Contemporary management of severe mitral valve regurgitation involves one of two surgical approaches: open chest surgery or mini-thoracotomy. While both techniques promote effective symptom management, these standard surgical approaches require cardiopulmonary bypass, an intervention reserved for patients with low-to-moderate surgical risk.
In an attempt to broaden treatment offerings for high-risk patients, Sentara physicians are on the front lines of exploring new therapies for severe mitral valve regurgitation — treatments that could offer better outcomes.
APOLLO study examines TMVR for mitral valve regurgitation
An extensive body of research proves the feasibility and effectiveness of transcatheter aortic valve replacement (TAVR) as a primary intervention for severe, symptomatic aortic stenosis. But, there is a distinct lack of evidence pointing to the efficacy of a transcatheter approach for mitral valve replacement. In a first-of-its-kind clinical trial, called the APOLLO study, researchers at Sentara Cardiovascular Research Institute are examining outcomes following transcatheter mitral valve replacement (TMVR) with Medtronic’s Intrepid™device.
Sentara was selected as a study site because of its commitment to high-quality patient care and staff excellence. Sentara demonstrates this through superior patient outcomes and a research team capable of handling the complexity of a study like APOLLO. Plus, our clinical healthcare providers, patient coordinators and ancillary staff possess an in-depth understanding of the patient population included in the study and the disease process itself.
TMVR: A New Concept in Surgery
The APOLLO study represents a new surgical concept in the United States. Mitral valve regurgitation affects significant numbers of older people. Traditionally, they are treated using an on-pump, conventional surgical mitral valve replacement (SMVR) to remove and replace defective mitral valves. In contrast, the APOLLO study features a minimally invasive transapical approach. The procedure is performed off-pump under general anesthesia.
During the procedure, Sentara surgeons access the apex of a patient’s heart through the sixth intercostal space. A small catheter is then threaded through the apex and up through the chordae tendineae to reach the mitral valve. The Intrepid™ device is then deployed through the catheter, taking over mitral valve function and correcting mitral regurgitation.
Study Evaluates Intrepid™ Device for Mitral Valve Regurgitation
Sentara Cardiovascular Research Institute’s efforts are part of a global multi-center study involving randomized, prospective patients and the pre-market Intrepid™ device. Each patient enrolled in the trial must have moderate to severe or severe symptomatic mitral regurgitation.
Before a patient is enrolled, Sentara physicians representing multiple disciplines—interventional cardiology, cardiothoracic surgery, anesthesia and others—meet to review each patient’s medical and personal information to determine their eligibility. Following mitral valve replacement surgery and the initial surgery recovery period, patients receive follow-up care at a minimum of every six months for up to five years.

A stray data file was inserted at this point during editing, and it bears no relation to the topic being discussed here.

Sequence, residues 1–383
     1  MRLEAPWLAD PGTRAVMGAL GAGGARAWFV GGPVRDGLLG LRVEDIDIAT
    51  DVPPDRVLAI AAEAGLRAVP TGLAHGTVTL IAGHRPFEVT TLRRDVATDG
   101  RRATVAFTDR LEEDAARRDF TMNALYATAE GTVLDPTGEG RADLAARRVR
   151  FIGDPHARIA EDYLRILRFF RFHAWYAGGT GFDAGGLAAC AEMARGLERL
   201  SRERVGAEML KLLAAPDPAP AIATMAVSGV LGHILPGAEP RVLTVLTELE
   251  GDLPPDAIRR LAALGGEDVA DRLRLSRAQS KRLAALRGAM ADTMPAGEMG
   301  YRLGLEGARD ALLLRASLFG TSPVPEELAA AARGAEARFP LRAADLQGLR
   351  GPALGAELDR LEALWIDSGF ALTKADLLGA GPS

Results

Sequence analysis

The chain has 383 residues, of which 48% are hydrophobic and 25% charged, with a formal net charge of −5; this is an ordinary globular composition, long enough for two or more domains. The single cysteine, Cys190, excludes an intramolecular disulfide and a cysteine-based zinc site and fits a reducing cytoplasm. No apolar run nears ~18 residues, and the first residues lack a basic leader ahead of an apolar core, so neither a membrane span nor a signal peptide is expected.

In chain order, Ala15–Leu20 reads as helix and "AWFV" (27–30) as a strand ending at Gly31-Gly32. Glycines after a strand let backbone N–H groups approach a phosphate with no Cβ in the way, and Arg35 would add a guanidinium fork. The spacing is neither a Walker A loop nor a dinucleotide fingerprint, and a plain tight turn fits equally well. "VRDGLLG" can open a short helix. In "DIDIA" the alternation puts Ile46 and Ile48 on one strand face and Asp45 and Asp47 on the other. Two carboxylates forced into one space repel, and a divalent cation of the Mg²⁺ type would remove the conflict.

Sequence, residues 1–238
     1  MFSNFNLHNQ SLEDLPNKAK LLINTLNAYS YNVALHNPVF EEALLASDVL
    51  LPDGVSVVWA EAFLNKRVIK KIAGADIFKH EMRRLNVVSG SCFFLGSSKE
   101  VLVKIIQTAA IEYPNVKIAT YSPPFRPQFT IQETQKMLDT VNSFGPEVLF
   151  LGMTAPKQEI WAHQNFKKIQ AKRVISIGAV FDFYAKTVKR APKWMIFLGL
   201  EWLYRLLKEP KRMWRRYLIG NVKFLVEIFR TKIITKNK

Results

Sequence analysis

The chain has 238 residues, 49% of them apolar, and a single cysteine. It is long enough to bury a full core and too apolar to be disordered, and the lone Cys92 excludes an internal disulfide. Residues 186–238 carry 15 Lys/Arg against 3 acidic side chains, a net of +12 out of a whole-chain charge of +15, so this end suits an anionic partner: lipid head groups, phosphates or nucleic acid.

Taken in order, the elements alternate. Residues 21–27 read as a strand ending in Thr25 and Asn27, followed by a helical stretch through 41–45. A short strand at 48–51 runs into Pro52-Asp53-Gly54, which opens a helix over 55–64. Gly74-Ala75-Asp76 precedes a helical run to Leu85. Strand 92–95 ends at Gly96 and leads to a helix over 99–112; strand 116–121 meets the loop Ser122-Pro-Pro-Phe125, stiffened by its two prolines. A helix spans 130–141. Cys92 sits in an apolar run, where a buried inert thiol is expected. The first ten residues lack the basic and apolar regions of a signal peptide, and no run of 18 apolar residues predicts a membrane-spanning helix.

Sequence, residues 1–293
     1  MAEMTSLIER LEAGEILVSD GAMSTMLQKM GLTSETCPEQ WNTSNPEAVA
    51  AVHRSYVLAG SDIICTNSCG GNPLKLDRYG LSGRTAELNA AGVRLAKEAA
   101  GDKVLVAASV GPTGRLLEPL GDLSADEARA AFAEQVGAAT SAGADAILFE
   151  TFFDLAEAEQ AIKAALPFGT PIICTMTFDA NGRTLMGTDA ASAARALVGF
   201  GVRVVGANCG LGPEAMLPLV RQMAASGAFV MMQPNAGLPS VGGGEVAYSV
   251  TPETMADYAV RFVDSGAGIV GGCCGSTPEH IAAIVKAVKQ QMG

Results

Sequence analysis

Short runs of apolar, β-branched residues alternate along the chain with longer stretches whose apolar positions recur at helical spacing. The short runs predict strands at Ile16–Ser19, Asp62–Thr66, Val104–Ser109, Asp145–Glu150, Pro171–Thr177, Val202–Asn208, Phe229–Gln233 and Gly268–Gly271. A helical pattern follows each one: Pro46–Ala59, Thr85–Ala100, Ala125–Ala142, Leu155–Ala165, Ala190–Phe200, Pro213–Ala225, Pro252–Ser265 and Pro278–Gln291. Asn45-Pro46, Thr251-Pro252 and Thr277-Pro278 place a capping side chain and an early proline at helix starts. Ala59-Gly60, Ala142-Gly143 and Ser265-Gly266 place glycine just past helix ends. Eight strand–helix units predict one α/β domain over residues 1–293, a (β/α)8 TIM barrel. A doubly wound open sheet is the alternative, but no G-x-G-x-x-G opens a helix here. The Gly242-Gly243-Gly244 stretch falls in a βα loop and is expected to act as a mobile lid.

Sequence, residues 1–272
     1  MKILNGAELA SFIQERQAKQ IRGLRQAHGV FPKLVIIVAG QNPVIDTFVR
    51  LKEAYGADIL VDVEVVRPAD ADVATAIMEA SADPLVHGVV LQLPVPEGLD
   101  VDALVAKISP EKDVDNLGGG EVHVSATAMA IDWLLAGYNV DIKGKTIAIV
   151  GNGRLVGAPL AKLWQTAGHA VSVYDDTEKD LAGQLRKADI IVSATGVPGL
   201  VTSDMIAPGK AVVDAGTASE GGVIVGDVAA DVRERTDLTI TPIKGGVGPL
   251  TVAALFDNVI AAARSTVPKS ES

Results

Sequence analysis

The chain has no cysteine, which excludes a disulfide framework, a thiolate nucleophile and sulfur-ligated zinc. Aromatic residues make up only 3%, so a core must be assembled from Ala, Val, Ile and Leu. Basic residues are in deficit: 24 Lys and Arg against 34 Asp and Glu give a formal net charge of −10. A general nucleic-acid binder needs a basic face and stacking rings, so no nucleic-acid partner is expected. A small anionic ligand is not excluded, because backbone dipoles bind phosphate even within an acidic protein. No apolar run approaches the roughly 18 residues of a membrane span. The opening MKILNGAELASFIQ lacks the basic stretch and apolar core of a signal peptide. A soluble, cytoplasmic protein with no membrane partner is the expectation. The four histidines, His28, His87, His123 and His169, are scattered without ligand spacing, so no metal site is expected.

At one-year post-op, study investigators will measure primary outcomes, including:
- All-cause mortality
- All stroke events
- Cardiovascular hospitalization
- Quality of life improvements
- ECG assessments of improved mitral valve regurgitation
- Days alive outside a hospital environment
Secondary outcome measures at hospital discharge or 30 days post-op (whichever is later) include:
- All-cause mortality
- Disabling stroke events
- Prolonged ventilation
- Acute kidney injury
- Deep wound infection
- Major bleeding
Early APOLLO Results Show Improvements After Mitral Valve Replacement
While researchers have not posted any official results from the clinical trial, they are pleased with the enrolled patients’ early outcomes. The research team notes that recovery from mitral valve replacement, regardless of the type of surgical delivery, is not a quick process.
It is not unreasonable to expect as many as six months to pass after surgical intervention before patients report improvements in symptoms. However, patients enrolled in the APOLLO trial at Sentara report an increased quality of life at 30-day outpatient follow-ups.
Researchers Also Investigate Cardioband™ and MitraClip® for Mitral Valve Repair
Sentara physicians are currently investigating the Cardioband™ adjustable annuloplasty band for mitral valve repair. Instead of correcting mitral valve regurgitation via open chest surgery or mini-thoracotomy, Cardioband™ is delivered through a transfemoral approach. The device deploys and fixes along the posterior annulus of the mitral valve, remodeling the annulus itself. If needed, adjustment to the band can be performed on a beating heart to maximize correction of mitral valve regurgitation.
Additionally, Sentara physicians are leading clinical trials exploring the MitraClip® NTR system and MitraClip® XTR system for the correction of mitral valve regurgitation. Surgeons attach a small clip to the mitral valve, allowing it to close more completely. The device is placed using a transcatheter approach. Currently, clinical trials are intended to confirm the safety and performance of MitraClip® in patients with severe mitral valve regurgitation.
For more information about the Sentara Cardiovascular Research Institute clinical trials, or to begin the patient enrollment process, please contact Chelle Zulick at MRZULICK@sentara.com.